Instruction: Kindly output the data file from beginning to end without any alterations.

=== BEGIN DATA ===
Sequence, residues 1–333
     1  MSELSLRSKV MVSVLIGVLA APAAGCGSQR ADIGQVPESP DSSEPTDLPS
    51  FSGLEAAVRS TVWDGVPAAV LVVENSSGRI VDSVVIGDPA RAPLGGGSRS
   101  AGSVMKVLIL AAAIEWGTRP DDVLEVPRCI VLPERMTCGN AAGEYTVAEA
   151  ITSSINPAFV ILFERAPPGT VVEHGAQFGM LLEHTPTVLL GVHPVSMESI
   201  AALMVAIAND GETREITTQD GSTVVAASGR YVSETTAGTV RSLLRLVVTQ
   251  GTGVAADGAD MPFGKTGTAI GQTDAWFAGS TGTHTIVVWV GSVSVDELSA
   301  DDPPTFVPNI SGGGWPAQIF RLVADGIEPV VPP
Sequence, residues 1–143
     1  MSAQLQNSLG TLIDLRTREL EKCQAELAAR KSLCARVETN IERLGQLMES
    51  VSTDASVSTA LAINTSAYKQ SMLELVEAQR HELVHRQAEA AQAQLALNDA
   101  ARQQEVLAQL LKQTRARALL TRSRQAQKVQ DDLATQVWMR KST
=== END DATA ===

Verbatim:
Sequence, residues 1–333
     1  MSELSLRSKV MVSVLIGVLA APAAGCGSQR ADIGQVPESP DSSEPTDLPS
    51  FSGLEAAVRS TVWDGVPAAV LVVENSSGRI VDSVVIGDPA RAPLGGGSRS
   101  AGSVMKVLIL AAAIEWGTRP DDVLEVPRCI VLPERMTCGN AAGEYTVAEA
   151  ITSSINPAFV ILFERAPPGT VVEHGAQFGM LLEHTPTVLL GVHPVSMESI
   201  AALMVAIAND GETREITTQD GSTVVAASGR YVSETTAGTV RSLLRLVVTQ
   251  GTGVAADGAD MPFGKTGTAI GQTDAWFAGS TGTHTIVVWV GSVSVDELSA
   301  DDPPTFVPNI SGGGWPAQIF RLVADGIEPV VPP
Sequence, residues 1–143
     1  MSAQLQNSLG TLIDLRTREL EKCQAELAAR KSLCARVETN IERLGQLMES
    51  VSTDASVSTA LAINTSAYKQ SMLELVEAQR HELVHRQAEA AQAQLALNDA
   101  ARQQEVLAQL LKQTRARALL TRSRQAQKVQ DDLATQVWMR KST